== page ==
Quoting Stephen again, DevOps “has a tremendous impact on the business. Suddenly the technical team starts trying to pull together as one. An ‘all hands on deck’ mentality emerges, with all technical people feeling empowered, and capable of helping in all areas. The traditionally problematic areas of deployment and maintenance once live become tractable - and the key battlegrounds of developers (‘the sysadmin built an unreliable platform’) versus sysadmins (‘the developers wrote unreliable code’) begins to transform into a cross-disciplinary approach to maximizing reliability in all areas. This, of course, has a positive effect on the bottom line - better reliability and availability, happier clients, faster time to market, and more time to focus the team’s energy on core business rather than wasteful administration and firefighting” (emphasis mine.)
Besides the cultural changes, DevOps is loaded with good Agile practices applied in the infrastructure. One big change is the is the concept of Infrastructure in code. In DevOps, everything must be under version control - from network to applications configurations. There is no DevOps without version control since it is the base for all the other practices. Like software, the Infrastructure must be build from source and be equally treated as an application.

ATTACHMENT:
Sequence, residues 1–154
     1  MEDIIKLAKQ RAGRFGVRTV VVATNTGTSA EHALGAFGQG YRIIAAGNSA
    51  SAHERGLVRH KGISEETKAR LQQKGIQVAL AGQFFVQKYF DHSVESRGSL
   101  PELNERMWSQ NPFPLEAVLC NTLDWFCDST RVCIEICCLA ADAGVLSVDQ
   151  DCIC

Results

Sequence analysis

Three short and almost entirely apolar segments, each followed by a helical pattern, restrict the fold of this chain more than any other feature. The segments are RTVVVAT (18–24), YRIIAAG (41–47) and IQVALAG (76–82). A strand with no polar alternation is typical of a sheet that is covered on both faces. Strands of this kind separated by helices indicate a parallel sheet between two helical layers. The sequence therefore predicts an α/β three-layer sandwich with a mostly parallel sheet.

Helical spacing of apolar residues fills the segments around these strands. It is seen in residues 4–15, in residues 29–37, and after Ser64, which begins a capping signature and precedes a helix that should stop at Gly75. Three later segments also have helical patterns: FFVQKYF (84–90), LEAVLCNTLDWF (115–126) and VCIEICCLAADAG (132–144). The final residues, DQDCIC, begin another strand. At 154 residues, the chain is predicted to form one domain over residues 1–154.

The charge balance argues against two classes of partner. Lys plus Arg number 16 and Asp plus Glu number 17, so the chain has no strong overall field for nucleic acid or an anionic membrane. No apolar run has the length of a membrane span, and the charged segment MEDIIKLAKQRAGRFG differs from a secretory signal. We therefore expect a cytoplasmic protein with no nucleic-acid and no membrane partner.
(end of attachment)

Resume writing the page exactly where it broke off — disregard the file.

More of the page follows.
Building from source means having a bare metal server to running services with an automated process. The configuration management systems are very helpful here: they put a system into a known state using the configuration that is available in version control and helps achieving consistency in the IT environment. It enables the operations to manage the servers lifecycle, provisioning new boxes by means of their services, in a way similar to applying templates, giving servers responsibilities like “Database server”, “HTTP Cache server” or “Application server”.
There are some open source configuration management system available being Puppet and Chef the most known ones. You can find a lot of interesting use case of both systems. Tumblr (the popular blogging platform), for example, uses Puppet to update the development machines. Travis CI (the hosted continuous integration service) uses Chef to build the CI worker images that are responsible to run the tests for tens of thousands open source projects.